Occasionally whilst at the playground, if she fell over, I’d go to comfort her – she’d scream and run away, turning up the volume the closer I got. Aware that each step nearer resulted in her becoming more upset, I stopped. Seeing her this way and feeling so helpless broke my heart. Gradually I’d begin moving towards her again, desperate to take her in my arms and console her. This made it worse. She’d run away screaming as though I was some crazy stranger attempting to abduct her.
I willed her words to come in the hope we would understand each other better and relieve her frustrations. At first her repertoire of words was limited; ‘dummy’, hot milk’, ‘mummy’, ‘daddy’ and ‘MORE’. Often she’d sit in her throne/ high chair and have me run ragged as she shouted her orders. As we chatted more I started to toughen up, realising that she did understand the meaning of the word ‘no’ perfectly well and it was ok for me to use it. With the implementation of ‘no’ came the arrival of the truly terrible twos.
I began seeking advice from parenting Facebook groups and reading more articles about how to deal with toddler behaviour.
- Get down to their level
- Remain calm
- Explain why you are saying no
- Be consistent
- Don’t raise your voice
Every time I read a new article, I felt inspired and hopeful.
The tantrum begins:
Deep breath, bend down, stay calm
“I’m sorry you are feeling upset sweetheart, I understand you want a whole biscuit but unfortunately it was broken when I took it out of the wrapper”
Following the advice to the letter, I’m ready for the current mood to change so we can continue with our day.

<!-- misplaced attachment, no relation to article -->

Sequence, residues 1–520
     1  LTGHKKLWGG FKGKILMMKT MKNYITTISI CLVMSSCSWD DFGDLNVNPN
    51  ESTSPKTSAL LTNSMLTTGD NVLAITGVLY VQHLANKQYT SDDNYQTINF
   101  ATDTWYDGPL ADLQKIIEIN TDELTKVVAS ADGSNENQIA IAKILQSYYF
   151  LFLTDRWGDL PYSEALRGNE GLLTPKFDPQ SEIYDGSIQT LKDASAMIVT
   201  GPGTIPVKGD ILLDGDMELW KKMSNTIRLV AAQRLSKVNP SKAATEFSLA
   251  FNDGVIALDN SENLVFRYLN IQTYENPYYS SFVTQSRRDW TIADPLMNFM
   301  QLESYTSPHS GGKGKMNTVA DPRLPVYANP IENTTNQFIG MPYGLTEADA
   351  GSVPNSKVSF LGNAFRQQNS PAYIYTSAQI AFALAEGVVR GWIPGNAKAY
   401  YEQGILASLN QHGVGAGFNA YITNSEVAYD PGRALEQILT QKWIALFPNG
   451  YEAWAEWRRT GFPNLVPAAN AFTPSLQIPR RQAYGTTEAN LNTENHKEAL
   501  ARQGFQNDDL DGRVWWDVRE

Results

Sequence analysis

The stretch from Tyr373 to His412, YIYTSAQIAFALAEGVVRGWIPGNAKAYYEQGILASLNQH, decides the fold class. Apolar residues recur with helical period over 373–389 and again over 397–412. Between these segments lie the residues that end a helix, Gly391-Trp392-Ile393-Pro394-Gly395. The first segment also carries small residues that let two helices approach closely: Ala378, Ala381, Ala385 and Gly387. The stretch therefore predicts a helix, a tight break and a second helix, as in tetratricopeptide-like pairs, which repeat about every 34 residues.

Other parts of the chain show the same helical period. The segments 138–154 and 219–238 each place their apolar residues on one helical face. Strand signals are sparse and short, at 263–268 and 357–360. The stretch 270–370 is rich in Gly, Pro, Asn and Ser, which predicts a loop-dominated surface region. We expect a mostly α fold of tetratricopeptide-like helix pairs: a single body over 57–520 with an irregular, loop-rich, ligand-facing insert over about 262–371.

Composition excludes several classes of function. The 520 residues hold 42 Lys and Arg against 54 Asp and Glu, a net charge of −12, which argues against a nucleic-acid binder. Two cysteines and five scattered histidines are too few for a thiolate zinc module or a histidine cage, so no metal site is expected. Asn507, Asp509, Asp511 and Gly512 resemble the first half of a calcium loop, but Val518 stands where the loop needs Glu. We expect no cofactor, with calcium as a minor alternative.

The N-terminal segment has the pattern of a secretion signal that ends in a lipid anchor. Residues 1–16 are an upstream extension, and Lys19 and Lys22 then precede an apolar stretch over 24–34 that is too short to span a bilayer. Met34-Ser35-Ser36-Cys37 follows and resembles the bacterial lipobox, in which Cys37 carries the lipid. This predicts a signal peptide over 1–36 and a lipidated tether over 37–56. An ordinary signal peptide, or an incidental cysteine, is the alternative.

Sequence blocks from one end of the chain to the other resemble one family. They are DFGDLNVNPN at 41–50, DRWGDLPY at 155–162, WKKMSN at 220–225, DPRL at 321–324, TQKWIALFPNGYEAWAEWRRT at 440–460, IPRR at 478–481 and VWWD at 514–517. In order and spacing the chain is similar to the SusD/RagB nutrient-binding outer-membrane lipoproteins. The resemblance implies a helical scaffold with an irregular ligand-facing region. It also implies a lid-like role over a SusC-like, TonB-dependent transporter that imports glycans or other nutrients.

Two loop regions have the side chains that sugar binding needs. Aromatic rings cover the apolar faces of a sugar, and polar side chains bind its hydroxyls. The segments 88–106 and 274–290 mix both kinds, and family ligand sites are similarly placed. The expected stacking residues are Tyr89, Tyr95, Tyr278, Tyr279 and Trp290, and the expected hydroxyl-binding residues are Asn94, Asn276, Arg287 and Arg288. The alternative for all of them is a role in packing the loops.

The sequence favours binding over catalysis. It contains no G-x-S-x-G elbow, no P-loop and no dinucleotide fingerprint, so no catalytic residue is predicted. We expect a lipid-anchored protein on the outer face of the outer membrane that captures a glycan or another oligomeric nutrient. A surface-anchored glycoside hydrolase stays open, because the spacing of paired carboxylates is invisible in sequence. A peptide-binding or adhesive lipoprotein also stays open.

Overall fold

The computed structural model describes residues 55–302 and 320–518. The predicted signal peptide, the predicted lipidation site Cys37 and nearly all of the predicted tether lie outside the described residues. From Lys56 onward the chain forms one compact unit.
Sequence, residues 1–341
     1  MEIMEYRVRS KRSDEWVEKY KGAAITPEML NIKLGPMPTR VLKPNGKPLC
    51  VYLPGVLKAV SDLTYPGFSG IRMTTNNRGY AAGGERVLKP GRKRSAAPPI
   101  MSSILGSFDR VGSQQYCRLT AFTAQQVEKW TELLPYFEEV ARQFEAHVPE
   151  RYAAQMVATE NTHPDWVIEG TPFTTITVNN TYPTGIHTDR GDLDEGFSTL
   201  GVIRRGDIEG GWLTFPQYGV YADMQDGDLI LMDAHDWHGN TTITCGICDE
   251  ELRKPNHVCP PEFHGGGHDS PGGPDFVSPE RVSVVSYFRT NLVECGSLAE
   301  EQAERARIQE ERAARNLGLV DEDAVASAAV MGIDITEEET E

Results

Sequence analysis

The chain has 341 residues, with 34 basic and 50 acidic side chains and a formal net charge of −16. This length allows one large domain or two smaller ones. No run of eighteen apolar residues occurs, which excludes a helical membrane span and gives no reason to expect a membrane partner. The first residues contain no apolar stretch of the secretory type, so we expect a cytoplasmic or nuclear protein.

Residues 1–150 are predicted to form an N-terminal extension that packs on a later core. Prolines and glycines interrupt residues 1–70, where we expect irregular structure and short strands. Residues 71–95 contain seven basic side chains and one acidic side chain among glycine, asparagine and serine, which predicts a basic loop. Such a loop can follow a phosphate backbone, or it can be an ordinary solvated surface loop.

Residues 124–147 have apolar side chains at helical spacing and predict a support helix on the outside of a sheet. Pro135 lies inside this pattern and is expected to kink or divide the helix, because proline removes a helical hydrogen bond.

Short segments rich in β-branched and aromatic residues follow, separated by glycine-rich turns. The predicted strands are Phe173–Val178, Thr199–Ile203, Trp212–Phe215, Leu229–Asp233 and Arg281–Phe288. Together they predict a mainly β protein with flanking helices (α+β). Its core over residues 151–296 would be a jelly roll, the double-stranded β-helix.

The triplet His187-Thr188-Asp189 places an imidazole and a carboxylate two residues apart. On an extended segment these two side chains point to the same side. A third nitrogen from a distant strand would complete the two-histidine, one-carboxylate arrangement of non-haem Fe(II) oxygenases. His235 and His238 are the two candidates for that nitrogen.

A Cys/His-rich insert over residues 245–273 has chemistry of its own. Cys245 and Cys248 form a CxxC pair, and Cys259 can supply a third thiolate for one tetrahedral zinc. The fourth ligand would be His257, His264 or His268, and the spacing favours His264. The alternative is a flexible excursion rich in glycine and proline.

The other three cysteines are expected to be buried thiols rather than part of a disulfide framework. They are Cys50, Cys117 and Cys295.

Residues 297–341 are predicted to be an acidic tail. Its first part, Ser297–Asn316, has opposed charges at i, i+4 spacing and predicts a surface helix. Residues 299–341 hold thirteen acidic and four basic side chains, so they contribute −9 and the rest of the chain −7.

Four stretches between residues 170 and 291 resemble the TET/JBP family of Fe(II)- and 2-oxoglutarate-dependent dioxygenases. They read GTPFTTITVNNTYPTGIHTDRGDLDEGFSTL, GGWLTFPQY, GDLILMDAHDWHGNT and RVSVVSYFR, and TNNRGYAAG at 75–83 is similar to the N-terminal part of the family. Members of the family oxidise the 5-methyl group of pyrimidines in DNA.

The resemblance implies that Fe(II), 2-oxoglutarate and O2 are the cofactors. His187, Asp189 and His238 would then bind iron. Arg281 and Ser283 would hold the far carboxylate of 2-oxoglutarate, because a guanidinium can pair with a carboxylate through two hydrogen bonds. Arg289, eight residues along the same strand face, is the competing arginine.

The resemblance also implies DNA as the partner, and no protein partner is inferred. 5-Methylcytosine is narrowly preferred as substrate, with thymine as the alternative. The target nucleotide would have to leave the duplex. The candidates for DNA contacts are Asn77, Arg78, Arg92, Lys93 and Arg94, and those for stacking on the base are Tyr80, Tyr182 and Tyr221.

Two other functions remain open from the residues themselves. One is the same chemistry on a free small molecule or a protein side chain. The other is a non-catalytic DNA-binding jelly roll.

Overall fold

“Noooooooooooooooooooooooooooooooooooooooooooooooooooooooooooooooooooooooooooooooooooooooooooooooooooooooooooooooooooooooooooooooooooooooooooooooooo! I want a whole one, I want a whole one now. I want a whole apple biscuit NOW”
Be patient, I remind myself. Try again.
The screaming gets louder, leg kicking and lashing out begins. We are attracting the attention of passers-by who look at her with pity, like I’m the one being unreasonable.
“Poor thing, bless her”
Bless her? My patience fading and my frustration increasing. Often, against my better judgement and with a quick risk assessment, I give in.
“Fine- wear your shoes on the wrong feet”
Unfortunately, I have to confess, there are occasions when all my good intentions go out the window and I lose it. I raise my voice and get angry.
I have learnt, she’s not a morning person. Upon waking she rubs her eyes, grunting, refusing to look at me. I hold my arms out towards her but am met with,
“Meh”, whilst shaking her head vigorously from side to side. Consequently I’ve encouraged her to call for Daddy when she wakes (especially as it’s been getting earlier). He talked me through their morning ritual:
- She demands to be placed on a particular sofa
- He tries to take her sleeping bag off and is met a stern look, head shake and grunting
- She demands hot milk (usually sending it back saying it’s not hot enough)
- She demands he sits on the other sofa
- She demands to watch Peppa Pig on the IPad – when he says no to the iPad she starts to scream
- He gives in
The toddler timeframe is generally considered to be between age 1 and 3. Ironically whilst I’m willing an end to the tantrums I’m also wishing time would slow down. With our youngest I love seeing her drunkenly toddling along, stopping to examine everything in her path. Whilst her neediness of me can at times be exhausting, I’m also aware that it is not going to be forever and it is her unique connection with me that creates this need. With the eldest, whilst the ability for her to converse has at times resulted in a stroppy, demanding child, it’s also enabled a hilariously cute, slightly bonkers little girl who cracks us up daily with her commentary and constant questioning to emerge.
Our 2 toddlers have very different temperaments, therefore what worked at times for one hasn’t worked so well for the other. It has taught me that as a parent, I have to adapt my parenting style to suit that particular child and situation. There is no ‘one size fits all approach’. There are some similarities, they are both stubborn, strong willed and determined little people trying to find their way. They may be able to transform from darling to devil in the blink of any eye, but the darling bits are delicious and the devil bits – well we’ll put them down to a ‘developmental phase’.